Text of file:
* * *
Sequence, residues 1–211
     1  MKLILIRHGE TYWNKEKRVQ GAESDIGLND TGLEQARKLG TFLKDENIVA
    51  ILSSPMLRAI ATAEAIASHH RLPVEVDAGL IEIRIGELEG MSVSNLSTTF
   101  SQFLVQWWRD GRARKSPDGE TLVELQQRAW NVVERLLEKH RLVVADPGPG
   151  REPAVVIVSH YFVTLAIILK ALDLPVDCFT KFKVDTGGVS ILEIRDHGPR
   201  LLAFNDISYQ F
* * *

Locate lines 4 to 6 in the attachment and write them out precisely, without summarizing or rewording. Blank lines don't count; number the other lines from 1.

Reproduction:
   101  SQFLVQWWRD GRARKSPDGE TLVELQQRAW NVVERLLEKH RLVVADPGPG
   151  REPAVVIVSH YFVTLAIILK ALDLPVDCFT KFKVDTGGVS ILEIRDHGPR
   201  LLAFNDISYQ F